Group think has been at play for a long time. Ethics Unwrapped (EU) of the McCombs School of Business says, “Indeed, groupthink can cause us to value harmony and consensus over independent judgment, and can lead to unethical behavior.”
The University of Texas website highlights the Astros’ scandal from November 2019 as a case study. According to the case study, an Astros rookie developed an electronic “codebreaker” in 2016-17 to read opponent’s hand signals from catcher to pitcher. To some degree, reading hand signs was allowed from first base, according to the sport’s rules. What was not allowed was any electronic reading system. EU notes, too, that in 2017 “Commissioner Rob Manfred fined the Red Sox and issued a strong warning to all teams against illegal electronic sign-stealing.”
The Astros’ scandal became public on November 12, 2019, “when former Astros’ pitcher Mike Fiers blew the whistle in an interview published in ‘The Athletic,’” writes EU. From there, consequences of behaviors were doled out as the investigators established the whole club knew of the unethical electronic reading codebreaker and did not alert authorities and did not come clean until pressured.
Consequences for this unethical behavior were that “MLB fined the Astros $5 million, and stripped the club of its first- and second-round draft picks in both 2020 and 2021.” The Astros’ manager and general manager were suspended and ultimately fired, too. Others hired by other clubs were let go— no matter their being recently hired.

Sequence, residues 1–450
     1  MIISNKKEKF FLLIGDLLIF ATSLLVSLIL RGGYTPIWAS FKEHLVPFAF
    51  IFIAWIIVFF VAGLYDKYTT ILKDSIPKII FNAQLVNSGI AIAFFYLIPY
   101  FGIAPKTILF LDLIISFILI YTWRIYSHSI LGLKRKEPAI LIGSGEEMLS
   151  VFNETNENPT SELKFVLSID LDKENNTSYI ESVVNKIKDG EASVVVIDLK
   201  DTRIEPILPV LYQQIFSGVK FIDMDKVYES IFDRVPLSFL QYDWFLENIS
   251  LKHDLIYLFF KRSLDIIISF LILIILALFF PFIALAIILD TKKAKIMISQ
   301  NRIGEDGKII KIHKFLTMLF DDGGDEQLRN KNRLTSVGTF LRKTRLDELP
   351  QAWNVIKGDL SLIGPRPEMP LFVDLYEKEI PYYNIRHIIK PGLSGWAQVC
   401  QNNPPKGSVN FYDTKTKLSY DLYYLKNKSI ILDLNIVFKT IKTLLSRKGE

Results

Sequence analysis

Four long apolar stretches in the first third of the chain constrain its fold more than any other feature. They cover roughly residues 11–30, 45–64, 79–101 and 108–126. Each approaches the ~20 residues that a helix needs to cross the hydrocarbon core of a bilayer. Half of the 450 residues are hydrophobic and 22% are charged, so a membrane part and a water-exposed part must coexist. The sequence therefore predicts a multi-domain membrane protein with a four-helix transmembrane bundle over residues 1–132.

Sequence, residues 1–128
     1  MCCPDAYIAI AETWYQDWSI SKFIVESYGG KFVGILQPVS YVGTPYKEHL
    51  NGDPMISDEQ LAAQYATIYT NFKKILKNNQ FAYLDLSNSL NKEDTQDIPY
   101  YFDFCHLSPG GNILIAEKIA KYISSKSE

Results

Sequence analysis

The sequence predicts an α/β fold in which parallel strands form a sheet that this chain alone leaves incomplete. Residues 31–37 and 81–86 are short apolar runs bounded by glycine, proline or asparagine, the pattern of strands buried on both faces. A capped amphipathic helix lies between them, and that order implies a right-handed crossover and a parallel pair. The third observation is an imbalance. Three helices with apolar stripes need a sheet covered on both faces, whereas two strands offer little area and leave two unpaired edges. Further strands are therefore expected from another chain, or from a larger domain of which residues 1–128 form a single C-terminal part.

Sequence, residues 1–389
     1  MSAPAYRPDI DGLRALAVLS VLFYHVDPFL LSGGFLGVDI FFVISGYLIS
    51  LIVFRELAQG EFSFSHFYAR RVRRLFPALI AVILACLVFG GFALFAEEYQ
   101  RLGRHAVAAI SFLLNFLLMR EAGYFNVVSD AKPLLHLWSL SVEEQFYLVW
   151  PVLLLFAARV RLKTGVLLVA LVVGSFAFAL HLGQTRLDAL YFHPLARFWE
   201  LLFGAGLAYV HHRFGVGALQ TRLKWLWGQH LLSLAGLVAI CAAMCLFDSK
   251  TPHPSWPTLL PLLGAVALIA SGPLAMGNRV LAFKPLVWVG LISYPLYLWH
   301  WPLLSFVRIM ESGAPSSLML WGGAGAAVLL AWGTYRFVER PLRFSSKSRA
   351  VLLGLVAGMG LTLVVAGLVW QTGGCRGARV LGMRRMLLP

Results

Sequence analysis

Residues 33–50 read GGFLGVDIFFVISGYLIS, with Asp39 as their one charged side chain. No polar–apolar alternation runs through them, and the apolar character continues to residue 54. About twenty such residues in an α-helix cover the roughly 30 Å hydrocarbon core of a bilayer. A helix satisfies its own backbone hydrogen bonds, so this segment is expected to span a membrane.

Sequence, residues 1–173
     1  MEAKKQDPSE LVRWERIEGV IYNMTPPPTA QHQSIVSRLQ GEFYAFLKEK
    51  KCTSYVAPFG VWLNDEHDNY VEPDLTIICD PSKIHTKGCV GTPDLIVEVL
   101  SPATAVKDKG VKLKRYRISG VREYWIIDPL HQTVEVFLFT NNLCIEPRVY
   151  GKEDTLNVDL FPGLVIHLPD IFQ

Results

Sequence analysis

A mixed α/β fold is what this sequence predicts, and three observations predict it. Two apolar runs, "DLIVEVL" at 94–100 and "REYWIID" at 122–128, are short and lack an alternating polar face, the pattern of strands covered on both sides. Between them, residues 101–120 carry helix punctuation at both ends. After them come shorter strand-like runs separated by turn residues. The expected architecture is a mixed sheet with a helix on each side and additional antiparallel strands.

EU reports, “The damage done by the Astros is significant. Former major leaguer Doug Glanville said the Astros’ “selfish act makes everyone question the validity of the future and the truth of the past,” concluding that Major League Baseball (MLB) now faces an existential crisis.’” Stephen Vogt, Arizona Diamondbacks, believes the ball club’s honor is wrecked. Some little leaguers are not able to use the “Astros” as their team name. Some Astros in public are harangued until some had to leave the MLB all together, EU reports.
We can see this unethical consequence in literature, as well. In Herman Melville’s Moby Dick, the crew of the Pequod choose not to go against the crazed Captain Ahab even though his hatred of the White Beast has possessed him, and he is no longer a rational captain. Could he have tricked the crew with the promise of good pay and “gold doubloon” tacked on the post for whoever spots the great white whale? The consequence is that the crew dies, all but one, Ishmael who is saved by a coffin. The whole story rings of cultism, in my opinion.
In Margaret Atwood’s, cautionary modern story called The Handmaid’s Tale, we also see this unethical behavior and cultism that includes society gone amuck, isolation, dismissing truth seers, and promoting sexual abuse.